Formula 1 2019 Mid-season Review

Formula 1

After another thrilling race in Hungary, the Formula One teams head into their summer break with plenty to think about.

It was just another day at the office for Lewis Hamilton who bagged his 8th win this season, further strengthening his spot to claim a sixth F1 career world title.

However, Max Verstappen’s performance in the previous two races offers some hope for spectators that they might still get an action-packed title race towards the end of the year.

With Ferrari and Red Bull desperately hoping to close the huge gap Mercedes have created, the mid-season pause in proceedings allows each team to sit down and assess their weak points.

With only nine races left on the F1 calendar, we take a look at how each team fared in terms of their performance so far:


Lewis Hamilton is sitting comfortably up at the top of the leaderboard with 250 points. If he continues to set a high bar in terms of his driving standards, the season might be over very soon. Michael Schumacher and Sebastian Vettel share the record for the most wins in a season (13), so the reigning champion may end up more focused on setting new benchmarks than coping with his rivals on the grid.

As for his teammate Valtteri Bottas, he may sit second in the standings but his future with the team was a major talking point heading into the break. Reserve driver Esteban Ocon is waiting in the wings for his opportunity to drive alongside Lewis Hamilton in 2020.


The Scuderia has had an eventful but inconsistent campaign so far. Mercedes might be out of reach for Binotto’s team when it comes to the constructors’ title. Instead, they are looking over their shoulders at an in-form Red Bull ready to take second place.

Charles Leclerc and Sebastian Vettel have failed to win a race so far but they hope that this break will allow time to try to work out what is required of them to become worthy competitors once again.


Does the break help or hinder Red Bull? Verstappen’sย performances in contrasting conditions in Germany โ€“ where he emerged triumphant at the end of a chaotic race โ€“ and Hungary suggest the car is in good shape, despite beingย unable to hold off a fast-finishing Hamilton at the Hungaroring.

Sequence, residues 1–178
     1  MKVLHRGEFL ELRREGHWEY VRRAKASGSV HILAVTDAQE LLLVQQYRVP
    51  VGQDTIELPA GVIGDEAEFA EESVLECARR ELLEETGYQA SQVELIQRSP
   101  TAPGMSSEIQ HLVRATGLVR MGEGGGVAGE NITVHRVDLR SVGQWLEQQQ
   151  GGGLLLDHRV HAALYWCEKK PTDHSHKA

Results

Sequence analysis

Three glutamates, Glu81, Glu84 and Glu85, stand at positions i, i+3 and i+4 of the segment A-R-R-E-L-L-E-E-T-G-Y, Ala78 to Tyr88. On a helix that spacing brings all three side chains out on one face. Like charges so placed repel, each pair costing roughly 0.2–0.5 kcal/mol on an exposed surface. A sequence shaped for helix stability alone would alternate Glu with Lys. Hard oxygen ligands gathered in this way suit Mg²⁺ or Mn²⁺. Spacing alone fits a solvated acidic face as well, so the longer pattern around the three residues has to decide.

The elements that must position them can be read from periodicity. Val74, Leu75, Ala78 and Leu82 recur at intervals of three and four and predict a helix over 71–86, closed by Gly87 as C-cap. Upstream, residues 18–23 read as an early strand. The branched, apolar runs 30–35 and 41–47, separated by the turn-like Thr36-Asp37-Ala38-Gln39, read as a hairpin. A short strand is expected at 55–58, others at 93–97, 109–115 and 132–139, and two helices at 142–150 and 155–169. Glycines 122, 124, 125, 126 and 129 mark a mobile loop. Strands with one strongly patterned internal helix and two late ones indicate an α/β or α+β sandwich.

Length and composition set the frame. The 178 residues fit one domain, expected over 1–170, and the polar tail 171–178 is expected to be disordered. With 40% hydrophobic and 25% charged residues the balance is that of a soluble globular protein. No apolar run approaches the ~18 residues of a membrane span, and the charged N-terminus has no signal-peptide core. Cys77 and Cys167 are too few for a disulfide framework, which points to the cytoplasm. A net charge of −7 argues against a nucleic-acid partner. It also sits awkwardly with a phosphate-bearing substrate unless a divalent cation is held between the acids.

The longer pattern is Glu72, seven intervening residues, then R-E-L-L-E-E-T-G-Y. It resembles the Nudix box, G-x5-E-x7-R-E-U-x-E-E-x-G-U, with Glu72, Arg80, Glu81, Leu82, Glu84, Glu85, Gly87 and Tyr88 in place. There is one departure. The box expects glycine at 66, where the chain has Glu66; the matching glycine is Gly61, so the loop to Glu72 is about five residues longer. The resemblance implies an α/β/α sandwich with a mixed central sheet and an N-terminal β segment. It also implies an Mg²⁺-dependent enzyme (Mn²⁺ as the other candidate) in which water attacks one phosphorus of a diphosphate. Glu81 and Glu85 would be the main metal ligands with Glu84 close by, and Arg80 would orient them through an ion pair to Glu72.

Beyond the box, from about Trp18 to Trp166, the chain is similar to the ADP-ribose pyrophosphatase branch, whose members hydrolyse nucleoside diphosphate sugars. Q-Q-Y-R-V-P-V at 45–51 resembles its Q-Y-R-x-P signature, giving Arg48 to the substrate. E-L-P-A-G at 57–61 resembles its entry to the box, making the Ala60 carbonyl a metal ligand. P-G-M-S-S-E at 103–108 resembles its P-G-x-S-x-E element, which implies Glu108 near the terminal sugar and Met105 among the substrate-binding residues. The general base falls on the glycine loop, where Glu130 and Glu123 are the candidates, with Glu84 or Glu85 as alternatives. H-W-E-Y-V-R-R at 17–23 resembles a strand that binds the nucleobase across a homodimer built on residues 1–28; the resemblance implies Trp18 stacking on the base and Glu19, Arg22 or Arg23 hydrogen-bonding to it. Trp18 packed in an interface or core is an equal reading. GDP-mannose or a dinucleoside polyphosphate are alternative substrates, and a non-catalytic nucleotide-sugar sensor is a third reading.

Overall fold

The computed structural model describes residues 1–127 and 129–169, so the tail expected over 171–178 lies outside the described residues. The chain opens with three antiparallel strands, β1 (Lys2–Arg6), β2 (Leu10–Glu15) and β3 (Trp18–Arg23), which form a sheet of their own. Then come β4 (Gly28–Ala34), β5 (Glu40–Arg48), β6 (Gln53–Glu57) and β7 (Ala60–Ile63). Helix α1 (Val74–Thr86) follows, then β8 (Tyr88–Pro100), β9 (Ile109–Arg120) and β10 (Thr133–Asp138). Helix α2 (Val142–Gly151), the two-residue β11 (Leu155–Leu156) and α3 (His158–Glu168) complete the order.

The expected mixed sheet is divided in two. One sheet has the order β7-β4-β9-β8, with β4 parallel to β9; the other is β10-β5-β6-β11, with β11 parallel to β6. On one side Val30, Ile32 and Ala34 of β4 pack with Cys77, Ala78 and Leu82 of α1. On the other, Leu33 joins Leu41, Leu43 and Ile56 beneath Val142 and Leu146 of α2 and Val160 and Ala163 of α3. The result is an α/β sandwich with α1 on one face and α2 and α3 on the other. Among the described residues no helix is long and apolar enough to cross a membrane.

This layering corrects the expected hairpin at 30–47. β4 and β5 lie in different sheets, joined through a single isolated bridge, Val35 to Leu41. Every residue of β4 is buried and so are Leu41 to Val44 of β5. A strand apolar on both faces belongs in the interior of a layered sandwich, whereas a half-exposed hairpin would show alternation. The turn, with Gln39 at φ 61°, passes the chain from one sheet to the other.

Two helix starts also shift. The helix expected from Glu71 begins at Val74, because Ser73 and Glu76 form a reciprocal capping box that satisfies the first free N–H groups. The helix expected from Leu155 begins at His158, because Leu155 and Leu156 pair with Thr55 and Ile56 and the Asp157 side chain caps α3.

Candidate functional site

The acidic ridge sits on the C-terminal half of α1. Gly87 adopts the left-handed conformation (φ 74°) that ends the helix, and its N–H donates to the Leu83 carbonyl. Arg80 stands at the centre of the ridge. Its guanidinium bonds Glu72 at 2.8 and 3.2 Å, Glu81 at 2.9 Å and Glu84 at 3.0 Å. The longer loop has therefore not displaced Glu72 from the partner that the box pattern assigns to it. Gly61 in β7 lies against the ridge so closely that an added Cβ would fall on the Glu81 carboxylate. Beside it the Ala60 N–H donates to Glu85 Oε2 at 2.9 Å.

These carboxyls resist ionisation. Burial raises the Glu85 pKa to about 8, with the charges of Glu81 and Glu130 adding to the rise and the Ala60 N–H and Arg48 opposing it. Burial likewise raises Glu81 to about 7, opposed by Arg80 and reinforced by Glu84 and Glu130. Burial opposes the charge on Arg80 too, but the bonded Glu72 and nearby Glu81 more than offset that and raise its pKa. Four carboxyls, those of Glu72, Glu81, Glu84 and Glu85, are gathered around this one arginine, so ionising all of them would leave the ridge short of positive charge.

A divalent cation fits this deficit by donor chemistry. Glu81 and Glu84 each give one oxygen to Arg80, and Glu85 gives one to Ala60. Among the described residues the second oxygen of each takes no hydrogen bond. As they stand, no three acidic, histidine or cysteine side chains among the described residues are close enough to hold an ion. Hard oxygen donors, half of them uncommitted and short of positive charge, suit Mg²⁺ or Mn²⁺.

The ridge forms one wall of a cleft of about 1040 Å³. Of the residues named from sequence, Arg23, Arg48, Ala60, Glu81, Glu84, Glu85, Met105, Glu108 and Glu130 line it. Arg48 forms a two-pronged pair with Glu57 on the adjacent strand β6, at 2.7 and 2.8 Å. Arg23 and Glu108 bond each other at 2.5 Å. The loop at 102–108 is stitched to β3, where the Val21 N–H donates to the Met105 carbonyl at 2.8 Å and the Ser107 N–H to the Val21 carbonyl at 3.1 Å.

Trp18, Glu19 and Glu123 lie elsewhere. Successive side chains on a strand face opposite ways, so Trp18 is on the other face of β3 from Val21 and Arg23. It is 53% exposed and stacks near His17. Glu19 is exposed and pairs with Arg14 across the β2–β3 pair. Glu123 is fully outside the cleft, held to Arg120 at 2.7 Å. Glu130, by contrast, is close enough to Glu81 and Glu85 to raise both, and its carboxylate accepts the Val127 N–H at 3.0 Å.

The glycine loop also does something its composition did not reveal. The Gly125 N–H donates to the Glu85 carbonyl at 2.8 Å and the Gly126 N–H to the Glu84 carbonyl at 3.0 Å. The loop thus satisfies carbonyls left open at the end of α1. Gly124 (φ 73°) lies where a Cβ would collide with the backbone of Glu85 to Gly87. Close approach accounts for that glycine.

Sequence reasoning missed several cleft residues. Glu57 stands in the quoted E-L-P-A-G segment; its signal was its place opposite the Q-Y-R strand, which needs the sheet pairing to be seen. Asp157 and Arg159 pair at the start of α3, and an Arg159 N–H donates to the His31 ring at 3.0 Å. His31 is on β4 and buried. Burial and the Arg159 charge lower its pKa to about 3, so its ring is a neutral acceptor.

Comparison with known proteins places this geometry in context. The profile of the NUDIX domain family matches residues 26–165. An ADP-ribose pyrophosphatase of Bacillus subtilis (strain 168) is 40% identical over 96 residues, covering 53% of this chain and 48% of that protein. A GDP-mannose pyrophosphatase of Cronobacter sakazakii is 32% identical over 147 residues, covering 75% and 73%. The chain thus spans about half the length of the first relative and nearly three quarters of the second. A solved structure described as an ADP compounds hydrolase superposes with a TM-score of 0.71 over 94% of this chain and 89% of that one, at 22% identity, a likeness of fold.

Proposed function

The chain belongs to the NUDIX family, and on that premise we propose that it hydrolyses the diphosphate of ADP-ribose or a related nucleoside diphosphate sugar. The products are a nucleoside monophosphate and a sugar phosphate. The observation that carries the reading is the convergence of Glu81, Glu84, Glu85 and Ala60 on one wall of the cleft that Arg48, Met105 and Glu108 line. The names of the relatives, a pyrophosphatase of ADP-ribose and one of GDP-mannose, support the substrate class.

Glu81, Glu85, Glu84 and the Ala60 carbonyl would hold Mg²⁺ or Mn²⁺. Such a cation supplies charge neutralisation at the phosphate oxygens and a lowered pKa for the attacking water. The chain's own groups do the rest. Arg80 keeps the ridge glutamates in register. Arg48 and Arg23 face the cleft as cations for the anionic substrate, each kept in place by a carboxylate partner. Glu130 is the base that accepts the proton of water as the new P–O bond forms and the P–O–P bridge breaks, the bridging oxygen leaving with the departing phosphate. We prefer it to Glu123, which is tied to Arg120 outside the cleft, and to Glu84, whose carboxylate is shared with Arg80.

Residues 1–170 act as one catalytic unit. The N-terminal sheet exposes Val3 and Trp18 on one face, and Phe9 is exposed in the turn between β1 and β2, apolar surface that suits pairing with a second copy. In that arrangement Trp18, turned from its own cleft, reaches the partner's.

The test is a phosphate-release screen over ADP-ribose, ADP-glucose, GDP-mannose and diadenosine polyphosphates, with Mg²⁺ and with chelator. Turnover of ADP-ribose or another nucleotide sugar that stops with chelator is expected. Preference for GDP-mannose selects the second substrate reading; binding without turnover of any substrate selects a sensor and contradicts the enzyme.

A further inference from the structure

The Dutchman โ€“ so often backed by fanatical and colourful support in the crowd at European races โ€“ has dazzled, but the same cannot be said for colleague Pierre Gasly, who has registered just 63 points and has failed to record a podium finish.


Eight-time winners of the constructors’ title, McLaren have made strides in the first half of the year, even if neither of their drivers are yet creatingย much of a ripple when it comes to actually winning a race.

Still,ย Lando Norris and Carlos Sainz Jr have impressed, the latter finishing in the points in eight races. While a trio of retirements have hampered Norris, the British teenager will have learned plenty in the opening months of his F1 career.


The only team outside of the top three to earn a spot on the podium this season. That came in Germany, where Daniil Kvyat earned some redemption. After being dropped by Red Bull and then losing his seat at Toro Rosso before returning this year, he is now being linked with a return to his previous team.

Rookie Alex Albon has often found himself in the hunt for points and the pair enjoyed an entertaining tussle at the Hungarian Grand Prix, with good clean racing helping to keep them in the midfield battle.


Yet to register a podium finish and out-performed by McLaren, things have not gone to plan.ย Technical issues have hampered their progress, but this is not what Daniel Ricciardo expected following his arrival. The Australian, along with Nico Hulkenberg, has barely figured at the head of the field.

In something of an understatement, team principal Cyril Abiteboul admitted following Hungary that the first half of the year was “well below”ย their objectives. You don’t say, Cyril…


Not much was expected following Alfa Romeo’s return to F1, but Kimi Raikkonen has done his utmost to keep them relevant. Former world champion Raikkonen has amassed a respectable 31 points, though team-mate Antonio Giovinazzi has been unable to match such assured displays. They need the 25-year-old Italian to start picking up points, and he may want to do so for the benefit of his own career, too.


Having made a strong start after the takeover in the middle of last season, Racing Point appears to have taken a backwards step in 2019. Sergio Perez and Lance Stroll โ€“ whose father purchased the team โ€“ have been distinctly average and lacked consistency, the Canadian scoring their only points in the past eight races with top-10 finishes at Montreal and Hockenheim.


After improvements each year since joining the grid in 2016, Haas have been unable to maintain the momentum. Kevin Magnussen and Romain Grosjean have both taken points at the same race just twice this season, though the main cause for concern will be the seven retirements in the first half of the campaign.


This season can already be considered a write-off for Williams. They struggled to even get a car ready for pre-season testing and have had to start from the back of the grid,ย more often than not due to a lack of pace. Robert Kubica scored their only point in Germany but George Russell remains on zero.


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